Hannah Collins

CaixaForum Barcelona

Titles are most certainly one clue to the meaning (or at least part of the meaning) of a work of art. Hannah Collins has given a generic name—“Current History”—to her exhibition in Barcelona. This is also the name of three film projections (all 2007), included in the show, that the artist made in collaboration with inhabitants of Beshentsevo and Niznij Novgorod, towns between the rivers Volga and Oka in central Russia. But in naming this survey of her recent work, Collins elides the specific narrative of her venture into Russia, instead encapsulating all the individuals in her films and photographs under the broad concept of history. The protagonists of La Mina, 2001–2004, and Parallel, 2007, the two other film installations now on exhibit in Barcelona, are individuals with an array of difficulties (economic, social, personal); like the Russians chronicled by the artist, they have largely been uprooted and are isolated from the comfortable life of the well-to-do. Collins turns away from the version of history that focuses on political figures and other protagonists of books, encyclopedias, and the media, to articulate histories of the simple and humble, individuals whose lives take place at the margins of the florid global capitalism of recent decades. This is certainly true of the gypsies who live in La Mina, a neighborhood to the west of the Catalan capital, and of the three African immigrants in Europe who feature in Parallel.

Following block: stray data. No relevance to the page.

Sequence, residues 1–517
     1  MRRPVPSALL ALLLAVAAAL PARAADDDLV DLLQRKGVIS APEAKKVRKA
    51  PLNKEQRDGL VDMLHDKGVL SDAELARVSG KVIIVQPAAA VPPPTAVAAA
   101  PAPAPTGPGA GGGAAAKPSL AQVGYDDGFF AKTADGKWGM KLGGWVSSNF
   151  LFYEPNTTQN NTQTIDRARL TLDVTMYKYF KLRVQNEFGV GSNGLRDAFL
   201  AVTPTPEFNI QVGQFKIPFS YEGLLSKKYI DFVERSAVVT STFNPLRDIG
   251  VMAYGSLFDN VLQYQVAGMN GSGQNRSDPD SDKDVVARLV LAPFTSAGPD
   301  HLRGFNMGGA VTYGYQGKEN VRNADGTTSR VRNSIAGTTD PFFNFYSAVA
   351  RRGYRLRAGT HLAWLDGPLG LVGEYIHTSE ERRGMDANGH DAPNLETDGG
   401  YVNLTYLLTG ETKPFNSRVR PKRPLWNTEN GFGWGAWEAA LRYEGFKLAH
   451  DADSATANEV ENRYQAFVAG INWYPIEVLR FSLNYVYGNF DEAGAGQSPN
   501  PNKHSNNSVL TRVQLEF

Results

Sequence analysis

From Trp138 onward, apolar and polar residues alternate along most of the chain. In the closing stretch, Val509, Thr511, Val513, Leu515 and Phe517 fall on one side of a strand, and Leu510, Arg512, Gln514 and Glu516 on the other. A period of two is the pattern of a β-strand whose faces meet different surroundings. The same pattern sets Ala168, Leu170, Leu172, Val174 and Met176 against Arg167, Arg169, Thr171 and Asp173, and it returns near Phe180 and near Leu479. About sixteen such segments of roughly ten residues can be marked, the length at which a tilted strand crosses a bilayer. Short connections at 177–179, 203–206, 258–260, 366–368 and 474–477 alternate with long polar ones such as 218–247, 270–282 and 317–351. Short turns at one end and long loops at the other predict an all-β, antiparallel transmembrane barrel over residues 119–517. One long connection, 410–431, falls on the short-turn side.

In dealing with such highly sensitive subject matter—people who live on the border of poverty and social exclusion—it is reasonable to wonder if, with this work, the artist is subject to what could be called the “parachute effect”: What effect does the documentarian, the anthropologist, the interloper in a foreign region have on the lives of the people who do live there? Collins, though British, has lived in Barcelona—so La Mina, at least, may be immune to the potential criticism implied by this question. The works dealing with Africa and Russia are another matter. Does the artist have the informed consent of the people she represents? Have they participated in deciding on how their lives are presented and exhibited? Can art alter or leave a trace on the subjects it portrays, such as the three protagonists of Parallel (Constantine Diomonde, Dewa Abdousalaam, and Pamela Anyoti, who emigrated to London, Madrid, and Rome, respectively, from different parts of sub-Saharan Africa)? What does “leaving a trace” mean? These are difficult questions, and while Collins’s work is to be admired for raising them, that is not enough. For some time, she has been drawn to places that convey a sense of desolation and melancholy, places where the stories of people largely unknown take place. Yet the artist’s predilection for presenting her imagery on a monumental scale creates a kind of dissonance: These formats give the work a spectacular quality out of keeping with the intimacy implied by the narratives.

Juan Vicente Aliaga

Translated from Spanish by Jane Brodie.